Human Rights, News

Gambia Hires Experts As Voyage To Prosecution Of Jammeh And Allies In Crime Reaches Crucial Stage

President Yahya Jammeh at his final rally in Banjul, Gambia, in 2016.

The Gambia government has hired a team of legal experts to guide it as to the nature and character of it’s proposed hybrid court for alleged Jammeh atrocities as well as those of his confederates in crime, this medium was informed.

According to the Gambia government spokesperson, Ebrima G. Sankareh, government, conscious of the constitutional and jurisprudential limitations for the successful prosecution of some of the allegations against Jammeh and his allies in atrocious crimes, the government decided to go the extra mile to hire the services of the legal experts.

“Previously, our jurisprudence did not cater for things like crime against humanity, enforced disappearance and torture. The Gambian Constitution did not cover that.

“Aware of that limitation, government decided to hire the services of these legal experts,” he added.

The government spokesperson said the team would set the pace and tone with which government is going to proceed about the new task of prosecuting Jammeh and his cabal.

“This is to establish fairness to both the victims and the alleged perpetrators,” explained the government mouthpiece.

Mr. Sankareh pointed out that government also saw the need to hire the legal experts to give the proposed hybrid court those elements of inclusivity, diversity and international dimension.

“The government wanted to show there was inclusivity…that nobody is left behind: Seyfolu, Alkalolu, governors, women Kafolu, rape victims, murder victims and people whose parents disappeared were all consulted. There was a broad and widespread consultation,” he explained.

He added:”And, considering that this is something new; a Gambian novelty…this is why the Gambia government decided to hire the expertise of consultants so that they could help map out a way that would show that not only are we serious in prosecuting the cases but serious in demonstrating to the whole world that we are a very fair and transparent government.”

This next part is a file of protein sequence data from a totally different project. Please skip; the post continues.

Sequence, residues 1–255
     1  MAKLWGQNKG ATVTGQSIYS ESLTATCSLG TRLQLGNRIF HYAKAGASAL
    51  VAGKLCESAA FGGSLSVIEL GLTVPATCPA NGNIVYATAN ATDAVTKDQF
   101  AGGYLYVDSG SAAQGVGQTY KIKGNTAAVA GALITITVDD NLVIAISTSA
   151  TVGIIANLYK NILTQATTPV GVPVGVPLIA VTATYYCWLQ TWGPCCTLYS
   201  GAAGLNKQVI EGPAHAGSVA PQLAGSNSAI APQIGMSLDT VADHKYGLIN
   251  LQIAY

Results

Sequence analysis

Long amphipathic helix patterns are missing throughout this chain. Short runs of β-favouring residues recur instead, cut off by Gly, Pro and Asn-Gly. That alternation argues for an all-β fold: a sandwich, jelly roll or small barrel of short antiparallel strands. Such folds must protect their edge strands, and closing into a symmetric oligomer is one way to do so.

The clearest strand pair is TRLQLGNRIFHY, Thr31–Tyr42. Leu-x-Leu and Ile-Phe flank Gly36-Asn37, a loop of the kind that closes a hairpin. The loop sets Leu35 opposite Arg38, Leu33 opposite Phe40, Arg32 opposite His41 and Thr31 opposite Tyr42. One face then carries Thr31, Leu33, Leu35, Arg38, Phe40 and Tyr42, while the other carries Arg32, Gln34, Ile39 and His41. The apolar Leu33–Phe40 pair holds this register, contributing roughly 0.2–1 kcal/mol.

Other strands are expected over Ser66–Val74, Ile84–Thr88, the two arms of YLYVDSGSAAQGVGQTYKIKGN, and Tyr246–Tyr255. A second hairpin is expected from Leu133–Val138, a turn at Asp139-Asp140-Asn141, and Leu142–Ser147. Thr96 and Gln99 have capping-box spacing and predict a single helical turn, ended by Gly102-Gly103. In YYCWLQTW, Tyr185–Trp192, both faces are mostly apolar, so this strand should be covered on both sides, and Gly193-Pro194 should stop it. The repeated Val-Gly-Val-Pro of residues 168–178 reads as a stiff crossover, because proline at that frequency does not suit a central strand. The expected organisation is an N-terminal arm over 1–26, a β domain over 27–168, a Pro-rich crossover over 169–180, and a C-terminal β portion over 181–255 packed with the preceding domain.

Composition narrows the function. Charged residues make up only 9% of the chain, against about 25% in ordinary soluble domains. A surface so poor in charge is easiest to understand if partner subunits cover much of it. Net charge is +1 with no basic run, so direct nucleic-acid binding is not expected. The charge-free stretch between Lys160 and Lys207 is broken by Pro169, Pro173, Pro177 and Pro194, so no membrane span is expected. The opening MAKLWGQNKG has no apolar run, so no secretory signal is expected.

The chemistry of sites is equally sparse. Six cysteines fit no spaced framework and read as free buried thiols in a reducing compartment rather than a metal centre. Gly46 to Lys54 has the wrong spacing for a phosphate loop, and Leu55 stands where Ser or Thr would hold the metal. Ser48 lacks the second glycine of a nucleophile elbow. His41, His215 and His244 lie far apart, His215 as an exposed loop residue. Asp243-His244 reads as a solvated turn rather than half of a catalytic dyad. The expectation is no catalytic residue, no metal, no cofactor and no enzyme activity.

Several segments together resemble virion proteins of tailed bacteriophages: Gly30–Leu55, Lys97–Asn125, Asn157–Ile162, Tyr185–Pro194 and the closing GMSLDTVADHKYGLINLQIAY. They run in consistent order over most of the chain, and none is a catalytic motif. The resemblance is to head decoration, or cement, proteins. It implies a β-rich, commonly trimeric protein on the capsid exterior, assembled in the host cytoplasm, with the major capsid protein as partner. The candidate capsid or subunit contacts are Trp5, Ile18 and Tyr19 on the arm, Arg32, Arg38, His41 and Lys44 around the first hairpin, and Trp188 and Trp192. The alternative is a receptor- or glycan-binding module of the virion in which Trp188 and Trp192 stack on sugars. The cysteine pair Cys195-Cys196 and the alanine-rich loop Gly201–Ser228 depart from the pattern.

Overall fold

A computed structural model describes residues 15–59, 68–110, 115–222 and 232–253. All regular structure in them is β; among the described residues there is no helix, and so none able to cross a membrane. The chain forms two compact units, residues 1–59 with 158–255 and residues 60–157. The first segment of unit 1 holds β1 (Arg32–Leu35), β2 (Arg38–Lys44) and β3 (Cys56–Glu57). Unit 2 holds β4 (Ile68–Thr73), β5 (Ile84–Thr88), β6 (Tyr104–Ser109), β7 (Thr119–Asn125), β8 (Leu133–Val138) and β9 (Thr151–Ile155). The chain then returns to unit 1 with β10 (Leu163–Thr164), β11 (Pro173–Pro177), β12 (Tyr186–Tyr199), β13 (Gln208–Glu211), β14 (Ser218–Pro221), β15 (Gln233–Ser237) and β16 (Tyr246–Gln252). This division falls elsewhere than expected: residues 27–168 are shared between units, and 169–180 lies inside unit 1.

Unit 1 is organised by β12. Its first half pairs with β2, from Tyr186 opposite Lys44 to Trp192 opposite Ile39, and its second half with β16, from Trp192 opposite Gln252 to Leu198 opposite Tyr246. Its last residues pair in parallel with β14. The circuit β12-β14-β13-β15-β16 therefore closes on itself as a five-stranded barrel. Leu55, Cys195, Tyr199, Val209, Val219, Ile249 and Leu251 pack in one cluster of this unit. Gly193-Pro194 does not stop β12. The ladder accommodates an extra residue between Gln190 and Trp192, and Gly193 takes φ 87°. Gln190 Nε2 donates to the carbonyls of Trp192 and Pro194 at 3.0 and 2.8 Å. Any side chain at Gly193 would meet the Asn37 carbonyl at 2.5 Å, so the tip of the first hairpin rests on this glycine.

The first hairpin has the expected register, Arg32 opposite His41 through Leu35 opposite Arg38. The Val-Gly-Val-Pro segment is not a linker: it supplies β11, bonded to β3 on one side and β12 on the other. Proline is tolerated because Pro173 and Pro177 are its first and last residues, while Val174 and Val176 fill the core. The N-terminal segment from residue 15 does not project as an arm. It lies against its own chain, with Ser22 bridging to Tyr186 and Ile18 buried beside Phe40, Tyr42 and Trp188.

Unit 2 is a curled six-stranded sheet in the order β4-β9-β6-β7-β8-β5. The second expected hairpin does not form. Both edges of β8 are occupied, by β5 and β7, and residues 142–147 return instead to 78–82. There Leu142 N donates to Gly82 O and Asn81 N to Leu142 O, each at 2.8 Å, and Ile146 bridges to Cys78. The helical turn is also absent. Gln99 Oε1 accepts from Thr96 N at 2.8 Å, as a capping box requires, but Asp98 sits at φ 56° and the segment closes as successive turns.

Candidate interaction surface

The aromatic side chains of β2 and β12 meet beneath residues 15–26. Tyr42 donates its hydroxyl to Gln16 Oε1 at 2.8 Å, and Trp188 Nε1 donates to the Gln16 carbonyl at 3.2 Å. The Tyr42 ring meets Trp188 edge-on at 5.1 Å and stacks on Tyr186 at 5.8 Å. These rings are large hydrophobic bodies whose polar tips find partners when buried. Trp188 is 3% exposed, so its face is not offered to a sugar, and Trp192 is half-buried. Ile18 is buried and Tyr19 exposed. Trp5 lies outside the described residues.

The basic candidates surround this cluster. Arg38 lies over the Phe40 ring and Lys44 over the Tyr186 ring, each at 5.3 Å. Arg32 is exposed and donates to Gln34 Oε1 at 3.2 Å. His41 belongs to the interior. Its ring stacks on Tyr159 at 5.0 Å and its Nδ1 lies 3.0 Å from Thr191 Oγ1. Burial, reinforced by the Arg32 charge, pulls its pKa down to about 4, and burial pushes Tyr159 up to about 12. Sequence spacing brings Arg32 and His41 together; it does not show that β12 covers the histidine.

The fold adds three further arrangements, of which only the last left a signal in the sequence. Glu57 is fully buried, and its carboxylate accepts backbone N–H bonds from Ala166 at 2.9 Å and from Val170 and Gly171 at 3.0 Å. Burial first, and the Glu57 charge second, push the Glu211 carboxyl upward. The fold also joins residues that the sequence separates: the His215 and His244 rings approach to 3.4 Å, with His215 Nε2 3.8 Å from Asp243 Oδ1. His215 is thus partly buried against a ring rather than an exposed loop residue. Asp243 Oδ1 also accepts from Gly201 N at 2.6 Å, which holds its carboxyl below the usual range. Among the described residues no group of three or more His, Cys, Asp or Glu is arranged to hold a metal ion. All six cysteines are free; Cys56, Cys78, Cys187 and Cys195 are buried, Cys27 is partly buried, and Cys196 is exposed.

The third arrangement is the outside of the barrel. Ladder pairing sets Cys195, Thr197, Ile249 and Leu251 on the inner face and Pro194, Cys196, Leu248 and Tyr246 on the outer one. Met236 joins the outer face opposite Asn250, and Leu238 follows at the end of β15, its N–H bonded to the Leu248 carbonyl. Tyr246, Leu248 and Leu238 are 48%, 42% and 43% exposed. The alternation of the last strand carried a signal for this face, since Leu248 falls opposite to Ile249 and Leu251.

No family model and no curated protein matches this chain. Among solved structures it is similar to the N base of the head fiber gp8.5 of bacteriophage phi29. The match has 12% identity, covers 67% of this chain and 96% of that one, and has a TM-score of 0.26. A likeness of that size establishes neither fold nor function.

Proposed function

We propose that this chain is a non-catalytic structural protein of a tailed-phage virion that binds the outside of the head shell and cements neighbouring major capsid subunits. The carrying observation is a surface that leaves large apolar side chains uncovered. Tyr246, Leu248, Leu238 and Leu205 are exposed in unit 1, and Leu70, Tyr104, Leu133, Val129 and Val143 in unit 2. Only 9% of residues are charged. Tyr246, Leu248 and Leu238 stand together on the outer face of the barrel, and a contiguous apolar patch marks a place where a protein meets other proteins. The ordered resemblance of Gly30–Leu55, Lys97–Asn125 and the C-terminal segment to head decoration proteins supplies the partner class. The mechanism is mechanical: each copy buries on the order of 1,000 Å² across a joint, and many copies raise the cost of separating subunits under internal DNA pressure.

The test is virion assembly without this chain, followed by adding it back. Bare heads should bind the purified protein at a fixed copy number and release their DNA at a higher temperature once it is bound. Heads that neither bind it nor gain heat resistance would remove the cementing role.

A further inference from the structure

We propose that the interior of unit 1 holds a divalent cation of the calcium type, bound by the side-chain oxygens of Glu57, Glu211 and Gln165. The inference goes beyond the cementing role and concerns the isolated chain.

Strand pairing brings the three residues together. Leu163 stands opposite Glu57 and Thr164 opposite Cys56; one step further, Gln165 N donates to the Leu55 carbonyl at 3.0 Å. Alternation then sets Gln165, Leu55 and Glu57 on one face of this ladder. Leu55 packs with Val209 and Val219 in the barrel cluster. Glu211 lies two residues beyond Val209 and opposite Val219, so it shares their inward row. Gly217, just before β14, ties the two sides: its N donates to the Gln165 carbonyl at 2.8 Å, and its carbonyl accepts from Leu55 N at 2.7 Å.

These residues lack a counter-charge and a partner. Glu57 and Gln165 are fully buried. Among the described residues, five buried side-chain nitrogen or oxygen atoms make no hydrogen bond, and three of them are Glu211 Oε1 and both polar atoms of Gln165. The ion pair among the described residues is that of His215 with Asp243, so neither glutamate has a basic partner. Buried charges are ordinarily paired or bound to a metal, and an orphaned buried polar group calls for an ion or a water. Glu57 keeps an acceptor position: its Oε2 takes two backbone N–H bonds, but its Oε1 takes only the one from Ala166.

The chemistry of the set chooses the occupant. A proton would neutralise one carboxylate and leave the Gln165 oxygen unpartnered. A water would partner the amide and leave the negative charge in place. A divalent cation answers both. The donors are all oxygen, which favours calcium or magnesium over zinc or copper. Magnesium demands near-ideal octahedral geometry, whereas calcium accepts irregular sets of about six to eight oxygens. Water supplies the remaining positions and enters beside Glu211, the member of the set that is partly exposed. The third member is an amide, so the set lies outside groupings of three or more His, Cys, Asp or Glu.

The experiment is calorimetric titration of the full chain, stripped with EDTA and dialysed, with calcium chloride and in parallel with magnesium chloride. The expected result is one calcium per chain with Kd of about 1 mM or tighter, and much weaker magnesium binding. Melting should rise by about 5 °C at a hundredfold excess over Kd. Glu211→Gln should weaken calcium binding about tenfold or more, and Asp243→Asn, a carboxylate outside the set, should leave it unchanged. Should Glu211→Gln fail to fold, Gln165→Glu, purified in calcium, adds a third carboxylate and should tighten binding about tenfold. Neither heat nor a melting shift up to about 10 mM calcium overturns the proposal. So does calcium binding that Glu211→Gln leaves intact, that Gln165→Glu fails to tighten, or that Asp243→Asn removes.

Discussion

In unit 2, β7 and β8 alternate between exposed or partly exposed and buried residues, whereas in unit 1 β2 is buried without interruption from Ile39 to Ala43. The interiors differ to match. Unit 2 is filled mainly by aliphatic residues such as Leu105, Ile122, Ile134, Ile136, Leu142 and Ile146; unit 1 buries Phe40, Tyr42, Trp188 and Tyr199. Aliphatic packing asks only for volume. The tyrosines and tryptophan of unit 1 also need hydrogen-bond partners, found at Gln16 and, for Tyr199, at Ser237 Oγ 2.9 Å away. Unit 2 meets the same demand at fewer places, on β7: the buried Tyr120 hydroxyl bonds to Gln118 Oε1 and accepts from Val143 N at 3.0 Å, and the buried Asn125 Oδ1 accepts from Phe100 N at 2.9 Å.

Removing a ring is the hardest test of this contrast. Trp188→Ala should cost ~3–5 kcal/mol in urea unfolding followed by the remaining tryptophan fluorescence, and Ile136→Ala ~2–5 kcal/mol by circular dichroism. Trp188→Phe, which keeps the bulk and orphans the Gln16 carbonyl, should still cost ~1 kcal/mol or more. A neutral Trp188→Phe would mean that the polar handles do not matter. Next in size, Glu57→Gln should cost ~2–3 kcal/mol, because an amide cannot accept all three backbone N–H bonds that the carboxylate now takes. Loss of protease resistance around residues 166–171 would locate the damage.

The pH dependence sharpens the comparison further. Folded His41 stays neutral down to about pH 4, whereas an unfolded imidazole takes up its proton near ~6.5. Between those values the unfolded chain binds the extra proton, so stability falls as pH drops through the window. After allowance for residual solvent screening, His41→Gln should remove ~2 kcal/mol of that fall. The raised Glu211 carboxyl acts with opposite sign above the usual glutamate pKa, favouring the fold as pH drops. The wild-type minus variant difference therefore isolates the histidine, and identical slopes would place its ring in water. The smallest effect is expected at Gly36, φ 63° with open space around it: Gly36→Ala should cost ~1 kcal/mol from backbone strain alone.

The government spokesperson told this reporter that the legal experts are drawn from both Gambian and foreign resources.

“People who have spent years and decades in researching and writing about the law and practicing law.

“And,they are aware of the areas of law or prosecutorial defense so that we’ll be accommodating to all category of people whether victim or accused,”said Sankareh.

He drew the line under the need for a comprehensive work as, in his description, Jammeh’s rule was wide and far-reaching.

” Yahya Jammeh’s 22-year rule has touched every part of the world. So, let’s make sure we do a very comprehensive work that when done and dusted, at least everybody will know that the government was very, very transparent and very open and democratic,” said the government spokesman.

“We are talking about 44 West African immigrants; majority of them Ghanaians. You are talking about people who come to this country…they claimed they were tortured. Some people disappeared; Gambian nationals and non-Gambians. So, obviously and then like I said torture, crime against humanity and enforced disappearance were and are still not part of our Gambian Constitution.

“So to create all those avenues and areas, we need the requisite expertise that would map out the roadmap for that kind of situation,” he concluded.

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